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Spokane, Washington  Est. May 19, 1883
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Review: Bailey, Nikkanen, Rawls delight in Beethoven

Donivan Johnson Corresondent

For the penultimate concert of the 2016 Northwest Bach Festival, artistic director Zuill Bailey selected the three String Trios, Op. 9 of Ludwig van Beethoven. When the 28-year-old composer published these trios he remarked they were his “best work so far.”

The phenomenal performers for this concert were: Kurt Nikkanen, violin; Scott Rawls, viola; and Bailey, cello. The order of performance was changed so the final and shortest of the three trios, the C minor, was played first. This was followed by the second in D major. After intermission, the musicians tackled the longest and most stunningly virtuosic Trio in G major.

The capacity audience Saturday at Barrister Winery was allowed to enter into a world of exquisite sound by a young composer where the humorous ghost of Haydn and the whimsical spirit of Mozart were still present in the music.

That these trios were not “light chamber pieces” was obvious from the very beginning.

The first four pitches of the Trio in C minor signaled that the evening would be a unforgettable experience. Measure by measure, phrase by elegantly crafted phrase, the three performers, with perfect ensemble, dynamics and – most importantly – feeling, bathed the room in sublime musical wonder.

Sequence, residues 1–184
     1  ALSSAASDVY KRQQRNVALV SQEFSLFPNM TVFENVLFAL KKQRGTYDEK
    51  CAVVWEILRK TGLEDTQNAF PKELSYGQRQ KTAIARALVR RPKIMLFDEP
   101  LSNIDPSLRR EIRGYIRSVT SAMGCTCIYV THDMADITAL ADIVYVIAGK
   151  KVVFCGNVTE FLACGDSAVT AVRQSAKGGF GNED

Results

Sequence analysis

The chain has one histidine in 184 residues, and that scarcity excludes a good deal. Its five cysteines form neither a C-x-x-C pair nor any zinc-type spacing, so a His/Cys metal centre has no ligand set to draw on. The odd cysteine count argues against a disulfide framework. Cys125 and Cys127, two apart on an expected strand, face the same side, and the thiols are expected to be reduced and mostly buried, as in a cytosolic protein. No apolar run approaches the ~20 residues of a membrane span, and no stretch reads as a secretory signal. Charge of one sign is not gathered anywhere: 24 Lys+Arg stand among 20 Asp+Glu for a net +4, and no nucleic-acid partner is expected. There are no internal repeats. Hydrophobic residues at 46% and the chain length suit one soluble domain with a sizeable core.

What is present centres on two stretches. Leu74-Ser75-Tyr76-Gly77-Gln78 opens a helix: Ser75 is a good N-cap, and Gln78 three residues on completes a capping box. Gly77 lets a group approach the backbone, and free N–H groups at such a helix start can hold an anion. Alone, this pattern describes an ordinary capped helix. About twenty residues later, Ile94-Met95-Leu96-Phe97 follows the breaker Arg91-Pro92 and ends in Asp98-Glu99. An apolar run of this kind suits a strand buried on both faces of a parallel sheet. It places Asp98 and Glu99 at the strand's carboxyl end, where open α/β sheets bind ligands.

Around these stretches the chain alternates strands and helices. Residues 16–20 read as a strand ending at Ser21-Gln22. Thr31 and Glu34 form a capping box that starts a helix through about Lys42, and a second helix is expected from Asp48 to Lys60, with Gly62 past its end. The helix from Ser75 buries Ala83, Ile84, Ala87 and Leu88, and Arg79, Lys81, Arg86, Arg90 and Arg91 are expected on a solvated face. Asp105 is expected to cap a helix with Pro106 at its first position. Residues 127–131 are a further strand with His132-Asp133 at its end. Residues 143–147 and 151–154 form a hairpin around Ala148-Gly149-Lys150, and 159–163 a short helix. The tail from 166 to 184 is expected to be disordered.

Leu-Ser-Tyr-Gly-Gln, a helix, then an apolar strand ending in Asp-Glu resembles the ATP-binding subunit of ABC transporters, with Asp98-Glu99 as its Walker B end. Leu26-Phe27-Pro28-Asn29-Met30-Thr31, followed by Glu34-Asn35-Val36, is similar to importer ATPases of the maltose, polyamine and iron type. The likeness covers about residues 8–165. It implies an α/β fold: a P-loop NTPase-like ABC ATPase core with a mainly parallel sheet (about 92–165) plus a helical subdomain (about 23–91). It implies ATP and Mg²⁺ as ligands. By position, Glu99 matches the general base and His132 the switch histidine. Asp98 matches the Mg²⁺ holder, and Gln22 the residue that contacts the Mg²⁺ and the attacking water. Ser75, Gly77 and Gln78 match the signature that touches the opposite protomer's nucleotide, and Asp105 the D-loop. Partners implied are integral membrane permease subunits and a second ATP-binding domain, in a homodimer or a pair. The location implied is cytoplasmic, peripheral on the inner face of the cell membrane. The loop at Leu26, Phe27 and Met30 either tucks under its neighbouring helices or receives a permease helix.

Moments of light and the influences of Joseph Haydn and Wolfgang Amadeus Mozart were present, for example, in the D minor second movement of the D major trio. The uncanny and perfectly executed pizzicato dialogue between violin and cello were fun to hear and watch. This is the only moment in all 12 movements where Beethoven employed pizzicato.

The last measures of the first movement were similarly enjoyable with a scale passage in the viola and loud triple-stops on violin and cello. This ending elicited smiles and a few chuckles from the audience.

The performance in G major, the longest and most difficult of the trios, brought the audience to its feet in a well-deserved ovation. The last movement was technically perfect in every dimension. The second movement, in E major, is to be played adagio, ma non tanto e cantabile (slowly, not too much, singingly). It was, for me, the most moving, heart-longing music I had heard for some time.

Earlier in the week this ensemble performed the only other two string trios by Beethoven (Op. 3 and Op. 8) at two different locations in Spokane. Thus, all five string trios were performed during this year’s Bach Festival.

The audience was fortunate to have heard Beethoven’s “best work so far” by a trio of instrumental masters performing at the highest caliber of their art.

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